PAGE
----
The greatest risks to the security of our medical information are the vulnerability of the electronic systems housing the data and the skill of those seeking to exploit that vulnerability. Just last April, Symantec reported that a group called Orangeworm was conducting an orchestrated attack on the computer systems of healthcare companies in the U.S., Europe, and Asia. Symantec speculated that corporate espionage was the likely motive for the attacks, but patient data could be compromised—it’s hard to know the scope of potential damage, whether intentional or collateral, until it’s done.
This point is also illustrated by the growing market for anonymized medical data, which allows companies to legally buy and sell millions of medical records provided certain details like names, birth dates, and Social Security numbers are omitted. But, as a January 2017 article in Scientific American noted, Big Data and advances in computing make it possible to “re-identify” anonymized patients. There are no public records of hacks into anonymized medical dossiers, nor, except in academic research, of anonymized records being re-identified. But the potential for weaponizing such records—whether to undermine the career of a public figure or extort millions of dollars in a protection scheme—is the kind of macro issue to consider when determining how health data should be used and how it can be kept secure.
What We Can Do
We can’t control how institutional health records are protected, but we can choose how much medical information we reveal via healthcare portals and other channels. First, we must do the risk-return calculation of voluntarily sharing personal health information in exchange for direct benefits. Telemedicine, for example, is a rapidly developing area where voluntary disclosures of health information via a website can help people save both time and money. But who has that data? And how well will it be protected?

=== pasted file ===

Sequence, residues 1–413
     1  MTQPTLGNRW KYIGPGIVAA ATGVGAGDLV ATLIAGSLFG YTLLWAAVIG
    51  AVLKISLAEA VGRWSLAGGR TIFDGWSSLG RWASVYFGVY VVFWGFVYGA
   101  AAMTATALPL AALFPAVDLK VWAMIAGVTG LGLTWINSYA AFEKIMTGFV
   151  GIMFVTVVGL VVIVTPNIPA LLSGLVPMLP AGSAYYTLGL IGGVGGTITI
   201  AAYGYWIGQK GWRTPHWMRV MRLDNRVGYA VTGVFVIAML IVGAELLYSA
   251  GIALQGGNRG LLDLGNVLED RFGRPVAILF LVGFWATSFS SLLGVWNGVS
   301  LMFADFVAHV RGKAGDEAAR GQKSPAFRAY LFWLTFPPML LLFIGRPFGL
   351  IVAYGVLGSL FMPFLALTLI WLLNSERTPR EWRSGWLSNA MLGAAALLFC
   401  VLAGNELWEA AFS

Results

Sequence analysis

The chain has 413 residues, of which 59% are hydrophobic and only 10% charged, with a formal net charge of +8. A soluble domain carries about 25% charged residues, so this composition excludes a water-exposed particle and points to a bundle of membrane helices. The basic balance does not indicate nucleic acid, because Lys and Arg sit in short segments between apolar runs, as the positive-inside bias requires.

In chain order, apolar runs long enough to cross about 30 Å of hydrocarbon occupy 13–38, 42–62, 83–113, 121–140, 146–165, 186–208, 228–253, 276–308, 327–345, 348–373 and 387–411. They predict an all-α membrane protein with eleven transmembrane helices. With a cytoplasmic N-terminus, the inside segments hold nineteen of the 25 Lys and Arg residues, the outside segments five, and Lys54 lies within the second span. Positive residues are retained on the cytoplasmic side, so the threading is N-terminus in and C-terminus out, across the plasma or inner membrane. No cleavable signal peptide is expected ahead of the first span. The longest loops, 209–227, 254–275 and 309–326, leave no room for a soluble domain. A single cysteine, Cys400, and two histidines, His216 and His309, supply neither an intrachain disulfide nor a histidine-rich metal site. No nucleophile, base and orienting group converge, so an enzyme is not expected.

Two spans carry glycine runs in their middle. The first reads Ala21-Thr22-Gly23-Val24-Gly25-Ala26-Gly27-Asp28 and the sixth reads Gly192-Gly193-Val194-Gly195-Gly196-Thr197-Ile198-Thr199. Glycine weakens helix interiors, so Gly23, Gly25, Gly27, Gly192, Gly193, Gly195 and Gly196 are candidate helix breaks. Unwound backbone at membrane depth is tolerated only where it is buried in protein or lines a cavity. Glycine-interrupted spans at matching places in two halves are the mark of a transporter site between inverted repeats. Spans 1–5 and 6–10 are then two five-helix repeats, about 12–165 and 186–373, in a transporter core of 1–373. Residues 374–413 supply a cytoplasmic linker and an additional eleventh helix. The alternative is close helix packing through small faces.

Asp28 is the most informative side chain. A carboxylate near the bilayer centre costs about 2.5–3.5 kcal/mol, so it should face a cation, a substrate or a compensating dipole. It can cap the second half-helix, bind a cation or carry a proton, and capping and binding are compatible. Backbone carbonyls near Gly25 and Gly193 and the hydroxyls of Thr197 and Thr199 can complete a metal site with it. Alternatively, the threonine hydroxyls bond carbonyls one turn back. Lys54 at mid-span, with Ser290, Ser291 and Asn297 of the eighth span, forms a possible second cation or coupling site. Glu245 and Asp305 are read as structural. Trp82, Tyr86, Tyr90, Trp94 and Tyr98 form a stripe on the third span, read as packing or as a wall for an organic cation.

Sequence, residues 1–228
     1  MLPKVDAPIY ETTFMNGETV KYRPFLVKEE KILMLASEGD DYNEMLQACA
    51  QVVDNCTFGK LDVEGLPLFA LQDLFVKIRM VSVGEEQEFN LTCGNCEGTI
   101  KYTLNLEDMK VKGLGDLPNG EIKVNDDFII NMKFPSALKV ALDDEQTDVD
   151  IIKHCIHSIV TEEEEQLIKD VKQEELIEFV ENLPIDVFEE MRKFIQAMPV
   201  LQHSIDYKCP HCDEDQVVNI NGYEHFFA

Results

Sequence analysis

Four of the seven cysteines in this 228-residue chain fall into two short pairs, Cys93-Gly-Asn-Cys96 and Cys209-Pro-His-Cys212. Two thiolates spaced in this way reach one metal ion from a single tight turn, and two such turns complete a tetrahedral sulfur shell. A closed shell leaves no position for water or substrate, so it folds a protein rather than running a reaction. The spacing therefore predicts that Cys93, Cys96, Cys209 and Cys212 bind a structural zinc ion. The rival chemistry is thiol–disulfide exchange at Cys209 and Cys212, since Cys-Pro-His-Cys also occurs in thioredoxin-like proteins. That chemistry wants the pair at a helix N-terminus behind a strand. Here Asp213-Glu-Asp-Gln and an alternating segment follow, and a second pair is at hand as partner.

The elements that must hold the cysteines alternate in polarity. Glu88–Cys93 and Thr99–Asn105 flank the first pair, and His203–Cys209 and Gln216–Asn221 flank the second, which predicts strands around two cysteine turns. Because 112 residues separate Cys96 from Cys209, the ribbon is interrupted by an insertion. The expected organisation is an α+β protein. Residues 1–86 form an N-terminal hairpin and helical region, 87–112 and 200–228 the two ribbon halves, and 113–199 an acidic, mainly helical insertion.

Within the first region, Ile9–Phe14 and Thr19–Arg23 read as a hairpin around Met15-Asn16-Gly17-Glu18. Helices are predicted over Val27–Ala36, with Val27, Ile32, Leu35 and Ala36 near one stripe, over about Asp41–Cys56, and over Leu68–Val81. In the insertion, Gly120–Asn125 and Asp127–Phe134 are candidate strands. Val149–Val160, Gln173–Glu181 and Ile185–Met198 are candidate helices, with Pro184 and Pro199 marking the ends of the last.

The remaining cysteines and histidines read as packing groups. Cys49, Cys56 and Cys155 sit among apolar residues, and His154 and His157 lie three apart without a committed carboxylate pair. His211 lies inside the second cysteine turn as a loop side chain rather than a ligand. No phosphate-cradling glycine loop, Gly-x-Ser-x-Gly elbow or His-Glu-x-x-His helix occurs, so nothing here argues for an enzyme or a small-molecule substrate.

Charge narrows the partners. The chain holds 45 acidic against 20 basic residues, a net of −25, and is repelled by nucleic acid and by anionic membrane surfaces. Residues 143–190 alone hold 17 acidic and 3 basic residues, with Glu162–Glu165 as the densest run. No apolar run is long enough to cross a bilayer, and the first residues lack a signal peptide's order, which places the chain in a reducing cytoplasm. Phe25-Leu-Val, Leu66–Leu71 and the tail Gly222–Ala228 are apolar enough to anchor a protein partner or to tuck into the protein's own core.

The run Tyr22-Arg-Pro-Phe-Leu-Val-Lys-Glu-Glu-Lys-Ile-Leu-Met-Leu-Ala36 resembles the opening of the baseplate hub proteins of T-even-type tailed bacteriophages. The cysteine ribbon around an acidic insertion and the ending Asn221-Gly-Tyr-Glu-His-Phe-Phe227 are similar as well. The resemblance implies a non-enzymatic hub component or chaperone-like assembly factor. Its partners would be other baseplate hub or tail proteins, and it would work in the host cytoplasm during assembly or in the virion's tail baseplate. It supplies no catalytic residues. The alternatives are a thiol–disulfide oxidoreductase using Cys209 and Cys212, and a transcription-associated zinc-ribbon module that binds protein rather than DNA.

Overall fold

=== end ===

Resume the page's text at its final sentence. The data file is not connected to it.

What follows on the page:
The SCOUT-Harris Poll revealed that only 36% of Americans currently use an online portal to access their personal health information. Among those who don’t, 39% expressed concerns about security. Interestingly, while millennials are famed for leading the technology revolution, our survey found that Americans aged 18 to 34 are less likely than those aged 35-plus to use an online health portal (28% vs. 39%, respectively). Is it because they’re healthier and have fewer healthcare interactions to keep track of? Or do they know something we older patients don’t?
Technology will continue transforming healthcare. But to realize the full power and efficiencies of technology-supported healthcare, including the growth of exciting new areas such as predictive medicine, we need better assurances that our personal medical information will be safe, confidential, and used only for our benefit.
That means urging healthcare organizations to comply with current protection guidelines and routinely perform comprehensive risk analyses to identify and respond to security vulnerabilities. It also means being prudent about what health information we share publicly and vigilant about monitoring and protecting it. In an era shadowed by cyber intrusion into all areas of our lives, the safety of our health data must be a priority.
Raffi Siyahian is a principal at SCOUT, a leading healthcare agency focused on orphan drugs and specialty pharma. He is the guiding force behind SCOUT Rare Insights, a new series of surveys examining topical issues from a healthcare perspective. The surveys will be conducted with The Harris Poll. Both companies are members of The Stagwell Group.
About the Survey
The inaugural SCOUT Rare Insights survey was conducted online within the United States by The Harris Poll from May 10-14, 2018 among 2,033 U.S. adults ages 18 and older. This online survey is not based on a probability sample and therefore no estimate of theoretical sampling error can be calculated. For complete survey methodology, including weighting variables and subgroup sample sizes, contact Raffi Siyahian, Rsiyahian@findscout.com.